"To be able to get on a team and walk in with a guy that says he’s going to be able to carry you and bring me here, I owe everything, every shot, every play, everything I’ve ever done to that man."
Jefferson will walk away having played more than 36,000 combined regular- and postseason NBA minutes, with career regular-season averages of 13.3 points, 4.2 rebounds and 2.1 assists in 30.1 minutes per game. He proved during the playoffs, and especially during these Finals, that he's still got enough left in the tank to help a contender in limited minutes ... but man, as exit opportunities go, how do you beat this?
"My teammates keep trying to talk me out of it," he said during his NBA TV interview. "And I'm just like, 'Guys, this has been the most stressful month of my life, I don't know.'"
We don't know about all that — judging by the man's Snapchat, it seems like RJ's enjoyed himself quite a bit throughout the Cavs' run to the championship — but after doing everything he could to put himself in the best position possible to win the title that had eluded him throughout his career, and finally succeeding, no one can blame Jefferson, who has already clocked an estimated $110 million in career NBA earnings, for decided to go out on top.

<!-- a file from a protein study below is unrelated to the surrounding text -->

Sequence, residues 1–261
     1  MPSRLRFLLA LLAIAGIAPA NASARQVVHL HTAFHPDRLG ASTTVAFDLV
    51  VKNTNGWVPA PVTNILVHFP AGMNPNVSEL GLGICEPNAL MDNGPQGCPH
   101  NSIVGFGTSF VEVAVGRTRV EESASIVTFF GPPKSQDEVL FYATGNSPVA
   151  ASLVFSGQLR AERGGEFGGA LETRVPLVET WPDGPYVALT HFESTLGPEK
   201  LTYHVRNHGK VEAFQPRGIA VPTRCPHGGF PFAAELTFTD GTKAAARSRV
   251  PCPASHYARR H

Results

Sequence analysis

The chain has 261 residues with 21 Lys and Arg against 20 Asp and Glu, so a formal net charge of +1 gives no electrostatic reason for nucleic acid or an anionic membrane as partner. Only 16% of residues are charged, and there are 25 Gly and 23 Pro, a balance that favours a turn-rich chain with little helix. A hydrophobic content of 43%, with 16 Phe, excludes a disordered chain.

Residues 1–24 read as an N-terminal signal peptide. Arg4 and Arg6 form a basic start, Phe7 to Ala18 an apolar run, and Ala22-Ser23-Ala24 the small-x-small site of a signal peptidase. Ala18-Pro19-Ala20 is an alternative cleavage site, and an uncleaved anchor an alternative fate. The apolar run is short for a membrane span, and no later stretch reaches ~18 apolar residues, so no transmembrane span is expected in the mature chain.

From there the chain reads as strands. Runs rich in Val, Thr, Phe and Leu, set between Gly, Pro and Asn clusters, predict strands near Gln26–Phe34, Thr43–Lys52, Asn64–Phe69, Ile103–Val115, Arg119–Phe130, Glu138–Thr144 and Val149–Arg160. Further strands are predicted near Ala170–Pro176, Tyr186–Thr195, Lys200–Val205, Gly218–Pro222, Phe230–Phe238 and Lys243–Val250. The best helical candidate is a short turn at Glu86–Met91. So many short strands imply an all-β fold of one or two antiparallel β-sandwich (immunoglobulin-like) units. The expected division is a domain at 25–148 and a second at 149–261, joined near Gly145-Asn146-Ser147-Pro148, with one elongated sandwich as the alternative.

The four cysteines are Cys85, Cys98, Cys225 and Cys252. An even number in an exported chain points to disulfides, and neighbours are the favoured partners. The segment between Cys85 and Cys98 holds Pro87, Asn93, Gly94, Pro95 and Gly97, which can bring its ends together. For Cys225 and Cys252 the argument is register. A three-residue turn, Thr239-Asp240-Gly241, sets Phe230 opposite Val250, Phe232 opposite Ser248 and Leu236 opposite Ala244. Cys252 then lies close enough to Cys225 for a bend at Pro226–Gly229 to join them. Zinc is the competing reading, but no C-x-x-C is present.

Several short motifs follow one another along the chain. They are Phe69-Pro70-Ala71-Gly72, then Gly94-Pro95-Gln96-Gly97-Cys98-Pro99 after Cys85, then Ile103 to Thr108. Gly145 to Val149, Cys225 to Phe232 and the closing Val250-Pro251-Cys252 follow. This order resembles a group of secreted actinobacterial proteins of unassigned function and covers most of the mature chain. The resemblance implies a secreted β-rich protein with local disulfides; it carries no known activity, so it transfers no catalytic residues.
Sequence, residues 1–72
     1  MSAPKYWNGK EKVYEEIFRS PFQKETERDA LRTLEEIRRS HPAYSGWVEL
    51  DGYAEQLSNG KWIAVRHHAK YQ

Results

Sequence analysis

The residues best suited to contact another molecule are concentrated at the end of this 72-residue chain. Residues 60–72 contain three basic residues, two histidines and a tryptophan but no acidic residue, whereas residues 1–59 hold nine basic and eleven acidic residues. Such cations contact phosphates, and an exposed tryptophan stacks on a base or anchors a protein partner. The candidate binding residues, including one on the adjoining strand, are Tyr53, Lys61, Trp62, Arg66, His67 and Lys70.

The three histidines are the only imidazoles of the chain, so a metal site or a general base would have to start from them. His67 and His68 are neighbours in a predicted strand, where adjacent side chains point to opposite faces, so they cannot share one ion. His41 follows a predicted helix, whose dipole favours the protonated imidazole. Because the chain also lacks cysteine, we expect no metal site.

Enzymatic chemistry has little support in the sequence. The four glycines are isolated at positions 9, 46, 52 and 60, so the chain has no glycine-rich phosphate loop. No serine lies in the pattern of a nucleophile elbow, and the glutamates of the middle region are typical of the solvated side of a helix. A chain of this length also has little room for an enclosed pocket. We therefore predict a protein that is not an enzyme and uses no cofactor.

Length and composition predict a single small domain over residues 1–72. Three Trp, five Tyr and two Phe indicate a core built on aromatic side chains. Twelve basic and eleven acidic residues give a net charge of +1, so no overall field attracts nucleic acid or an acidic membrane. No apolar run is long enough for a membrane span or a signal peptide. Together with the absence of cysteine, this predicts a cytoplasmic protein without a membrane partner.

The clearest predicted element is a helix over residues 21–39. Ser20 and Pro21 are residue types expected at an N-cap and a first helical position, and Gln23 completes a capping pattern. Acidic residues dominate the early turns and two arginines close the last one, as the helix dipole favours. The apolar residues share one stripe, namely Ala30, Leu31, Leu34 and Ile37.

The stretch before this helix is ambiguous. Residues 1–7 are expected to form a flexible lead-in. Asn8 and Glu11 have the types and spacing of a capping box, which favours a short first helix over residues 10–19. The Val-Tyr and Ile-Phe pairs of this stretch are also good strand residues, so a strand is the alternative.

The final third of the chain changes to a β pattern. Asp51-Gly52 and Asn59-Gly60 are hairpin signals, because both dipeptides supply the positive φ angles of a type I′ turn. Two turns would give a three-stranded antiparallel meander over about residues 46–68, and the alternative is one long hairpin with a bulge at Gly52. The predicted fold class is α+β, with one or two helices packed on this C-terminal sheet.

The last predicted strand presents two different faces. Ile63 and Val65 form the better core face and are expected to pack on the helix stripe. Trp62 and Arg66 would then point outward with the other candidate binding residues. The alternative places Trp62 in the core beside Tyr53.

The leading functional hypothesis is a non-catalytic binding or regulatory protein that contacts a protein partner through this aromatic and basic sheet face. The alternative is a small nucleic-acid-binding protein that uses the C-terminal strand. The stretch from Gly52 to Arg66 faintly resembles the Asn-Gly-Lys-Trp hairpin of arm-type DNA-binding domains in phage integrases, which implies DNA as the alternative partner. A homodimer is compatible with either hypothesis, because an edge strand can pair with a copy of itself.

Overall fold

"Over the course of my career, I've made tons of mistakes," he said during his NBA TV interview. "I think we all look back on our careers and you're like, 'I should have handled this situation differently, I should have approached this one differently.' But the last three, four years, I've just locked in. Like, hey, I don't know how much more I have, so I'm going to make sure I'm in the best shape I [can be], and you know, whatever happens, whether they play me or not, I'm going to show up to the gym and work.
"But this is all held together with duct tape and Super Glue," he added with a smile. "And when this is all done, it's done."